Curved FtsZ protofilaments generate bending forces on liposome membranes.

Loading...
Thumbnail Image

Date

2009-11

Journal Title

Journal ISSN

Volume Title

Repository Usage Stats

66
views
27
downloads

Citation Stats

Attention Stats

Abstract

We have created FtsZ-YFP-mts where an amphipathic helix on the C-terminus tethers FtsZ to the membrane. When incorporated inside multi-lamellar tubular liposomes, FtsZ-YFP-mts can assemble Z rings that generate a constriction force. When added to the outside of liposomes, FtsZ-YFP-mts bound and produced concave depressions, bending the membrane in the same direction as the Z ring inside liposomes. Prominent membrane tubules were then extruded at the intersections of concave depressions. We tested the effect of moving the membrane-targeting sequence (mts) from the C-terminus to the N-terminus, which is approximately 180 degrees from the C-terminal tether. When mts-FtsZ-YFP was applied to the outside of liposomes, it generated convex bulges, bending the membrane in the direction opposite to the concave depressions. We conclude that FtsZ protofilaments have a fixed direction of curvature, and the direction of membrane bending depends on which side of the bent protofilament the mts is attached to. This supports models in which the FtsZ constriction force is generated by protofilament bending.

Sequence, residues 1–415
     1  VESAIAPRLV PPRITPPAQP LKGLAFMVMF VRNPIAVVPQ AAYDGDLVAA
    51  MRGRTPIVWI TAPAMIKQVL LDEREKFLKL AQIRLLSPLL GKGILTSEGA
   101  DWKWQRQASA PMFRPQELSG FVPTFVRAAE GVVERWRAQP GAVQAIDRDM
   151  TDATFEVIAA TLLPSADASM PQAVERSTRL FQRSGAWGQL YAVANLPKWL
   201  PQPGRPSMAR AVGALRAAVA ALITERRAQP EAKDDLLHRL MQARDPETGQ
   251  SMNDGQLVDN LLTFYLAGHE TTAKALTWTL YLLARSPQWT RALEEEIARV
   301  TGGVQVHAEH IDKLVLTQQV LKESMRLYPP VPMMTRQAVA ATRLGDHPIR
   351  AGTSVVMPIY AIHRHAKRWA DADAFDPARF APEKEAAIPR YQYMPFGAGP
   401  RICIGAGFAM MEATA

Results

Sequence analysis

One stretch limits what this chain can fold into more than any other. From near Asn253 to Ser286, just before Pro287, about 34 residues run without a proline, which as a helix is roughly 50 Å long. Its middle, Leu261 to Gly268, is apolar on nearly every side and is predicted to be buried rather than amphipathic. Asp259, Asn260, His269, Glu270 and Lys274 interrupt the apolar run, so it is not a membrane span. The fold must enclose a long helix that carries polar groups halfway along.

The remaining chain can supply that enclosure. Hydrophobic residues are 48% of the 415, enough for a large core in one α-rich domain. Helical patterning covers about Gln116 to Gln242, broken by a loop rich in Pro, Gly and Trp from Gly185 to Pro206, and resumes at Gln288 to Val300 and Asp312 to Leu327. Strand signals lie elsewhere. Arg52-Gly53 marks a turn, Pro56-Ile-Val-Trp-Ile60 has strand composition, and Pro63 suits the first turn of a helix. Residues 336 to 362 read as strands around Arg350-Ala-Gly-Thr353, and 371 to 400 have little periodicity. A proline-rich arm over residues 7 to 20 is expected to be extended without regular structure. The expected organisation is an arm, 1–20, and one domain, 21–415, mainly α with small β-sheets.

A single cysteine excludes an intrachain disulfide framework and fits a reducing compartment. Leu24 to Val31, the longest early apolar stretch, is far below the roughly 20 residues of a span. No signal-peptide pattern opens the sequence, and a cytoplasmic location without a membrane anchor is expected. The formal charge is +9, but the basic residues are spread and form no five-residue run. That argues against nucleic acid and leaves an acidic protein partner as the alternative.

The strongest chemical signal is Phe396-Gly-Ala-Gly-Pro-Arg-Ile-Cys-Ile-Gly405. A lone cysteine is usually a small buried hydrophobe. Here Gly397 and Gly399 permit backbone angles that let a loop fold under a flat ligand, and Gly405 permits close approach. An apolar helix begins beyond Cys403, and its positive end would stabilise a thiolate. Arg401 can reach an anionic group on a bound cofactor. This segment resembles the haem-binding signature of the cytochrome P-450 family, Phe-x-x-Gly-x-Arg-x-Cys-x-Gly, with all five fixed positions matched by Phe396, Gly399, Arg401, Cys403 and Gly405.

Department

Description

Provenance

Citation

Published Version (Please cite this version)

10.1038/emboj.2009.277

Publication Info

Osawa, Masaki, David E Anderson and Harold P Erickson (2009). Curved FtsZ protofilaments generate bending forces on liposome membranes. The EMBO journal, 28(22). pp. 3476–3484. 10.1038/emboj.2009.277 Retrieved from https://hdl.handle.net/10161/22300.

This is constructed from limited available data and may be imprecise. To cite this article, please review & use the official citation provided by the journal.

Scholars@Duke

Erickson

Harold Paul Erickson

James B. Duke Distinguished Professor Emeritus

Recent research has been on cytoskeleton (eukaryotes and bacteria); a skirmish to debunk the irisin story; a reinterpretation of proposed multivalent binders of the coronavirus spike protein. I have also published an ebook on "Principles of Protein-Protein Association" suitable for a course module or individual learning.


Unless otherwise indicated, scholarly articles published by Duke faculty members are made available here with a CC-BY-NC (Creative Commons Attribution Non-Commercial) license, as enabled by the Duke Open Access Policy. If you wish to use the materials in ways not already permitted under CC-BY-NC, please consult the copyright owner. Other materials are made available here through the author’s grant of a non-exclusive license to make their work openly accessible.